MANY tumours of mice contain a virus-like agent which causes a sharp and continued elevation of the activity of lactic dehydrogenase (LDH) in serum or plasma of infected host mice1–3. The so-called LDH agent (Riley) is usually maintained and propagated in living mice. To facilitate further investigation, especially of its viral nature, it seemed desirable to adapt and propagate the LDH agent in cell cultures under established and known conditions. The few results concerning this problem are contradictory4–6.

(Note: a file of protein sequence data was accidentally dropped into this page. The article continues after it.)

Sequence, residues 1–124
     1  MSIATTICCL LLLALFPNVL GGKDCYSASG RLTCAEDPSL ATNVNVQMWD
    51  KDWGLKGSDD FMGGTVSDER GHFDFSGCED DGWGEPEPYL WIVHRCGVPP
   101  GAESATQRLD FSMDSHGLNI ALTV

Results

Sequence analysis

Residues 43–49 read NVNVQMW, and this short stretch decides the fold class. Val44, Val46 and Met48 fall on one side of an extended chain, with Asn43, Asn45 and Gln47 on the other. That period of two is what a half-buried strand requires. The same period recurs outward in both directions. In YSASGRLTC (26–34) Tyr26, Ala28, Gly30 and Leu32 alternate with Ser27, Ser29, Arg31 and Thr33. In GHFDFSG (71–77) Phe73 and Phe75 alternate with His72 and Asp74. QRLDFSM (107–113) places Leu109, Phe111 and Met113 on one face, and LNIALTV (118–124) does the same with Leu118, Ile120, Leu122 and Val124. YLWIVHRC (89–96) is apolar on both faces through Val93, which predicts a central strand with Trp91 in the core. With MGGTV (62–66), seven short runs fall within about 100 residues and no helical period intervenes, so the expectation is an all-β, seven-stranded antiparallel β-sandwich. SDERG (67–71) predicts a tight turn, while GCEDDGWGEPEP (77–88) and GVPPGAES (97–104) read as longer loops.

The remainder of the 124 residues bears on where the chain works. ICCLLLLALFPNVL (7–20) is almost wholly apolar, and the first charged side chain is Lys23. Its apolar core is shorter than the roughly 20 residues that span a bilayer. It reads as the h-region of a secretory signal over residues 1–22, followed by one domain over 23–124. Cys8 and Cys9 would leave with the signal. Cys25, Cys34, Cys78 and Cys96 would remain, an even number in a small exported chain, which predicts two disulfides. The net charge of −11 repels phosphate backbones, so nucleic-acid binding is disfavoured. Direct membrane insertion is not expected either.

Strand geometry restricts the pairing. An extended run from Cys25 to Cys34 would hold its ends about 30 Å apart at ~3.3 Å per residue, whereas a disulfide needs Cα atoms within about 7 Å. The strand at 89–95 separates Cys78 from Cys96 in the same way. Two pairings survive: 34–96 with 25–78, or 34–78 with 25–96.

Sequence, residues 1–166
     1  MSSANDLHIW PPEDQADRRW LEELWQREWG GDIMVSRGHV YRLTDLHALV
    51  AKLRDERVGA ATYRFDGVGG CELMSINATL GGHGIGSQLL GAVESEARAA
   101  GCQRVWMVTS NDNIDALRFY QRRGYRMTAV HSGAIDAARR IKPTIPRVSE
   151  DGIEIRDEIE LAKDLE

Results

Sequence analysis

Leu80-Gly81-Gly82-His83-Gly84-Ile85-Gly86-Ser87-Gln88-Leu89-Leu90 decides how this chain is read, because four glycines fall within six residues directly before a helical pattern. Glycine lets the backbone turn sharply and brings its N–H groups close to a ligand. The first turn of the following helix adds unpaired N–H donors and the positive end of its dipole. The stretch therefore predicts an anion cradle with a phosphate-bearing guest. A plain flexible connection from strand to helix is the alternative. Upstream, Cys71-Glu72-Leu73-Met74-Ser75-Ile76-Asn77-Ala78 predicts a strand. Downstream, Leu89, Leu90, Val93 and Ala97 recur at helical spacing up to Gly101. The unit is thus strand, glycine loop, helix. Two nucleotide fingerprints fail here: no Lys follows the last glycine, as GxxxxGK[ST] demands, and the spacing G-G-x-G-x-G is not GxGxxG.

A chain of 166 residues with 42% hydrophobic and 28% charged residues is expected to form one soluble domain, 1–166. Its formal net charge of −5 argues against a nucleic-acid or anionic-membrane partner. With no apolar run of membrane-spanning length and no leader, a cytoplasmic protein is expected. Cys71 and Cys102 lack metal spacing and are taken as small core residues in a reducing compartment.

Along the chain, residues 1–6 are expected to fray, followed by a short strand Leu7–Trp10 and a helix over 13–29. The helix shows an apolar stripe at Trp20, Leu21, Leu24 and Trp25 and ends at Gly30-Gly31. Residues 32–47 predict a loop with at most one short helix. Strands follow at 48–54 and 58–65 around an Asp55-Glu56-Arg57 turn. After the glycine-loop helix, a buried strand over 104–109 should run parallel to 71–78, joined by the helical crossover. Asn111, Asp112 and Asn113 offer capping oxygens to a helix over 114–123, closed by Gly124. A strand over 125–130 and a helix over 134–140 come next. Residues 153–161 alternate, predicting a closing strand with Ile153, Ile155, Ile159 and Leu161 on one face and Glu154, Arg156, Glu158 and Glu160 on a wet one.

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Georgii, A., Jäger, M., Kroth, H., and Bayerle, H., Experientia, 18, 71 (1962).
Georgii, A., Bayerle, H., Brdiczka, D., and Zobl, H., Z. Krebsforsch., 65, 334 (1963).
Adams, D. H., Rowson, K. E. K., and Salaman, M. H., Brit. J. Cancer, 15, 860 (1961).
Tennant, R. W., and Ward, T. G., Proc. Soc. Exp. Biol., 111, 395 (1962).
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GEORGII, A., LENZ, I. Failure to propagate a Lactic Dehydrogenase-elevating Agent from Mice Tumours in Mice Embryo Cultures. Nature 202, 1228–1229 (1964). https://doi.org/10.1038/2021228a0
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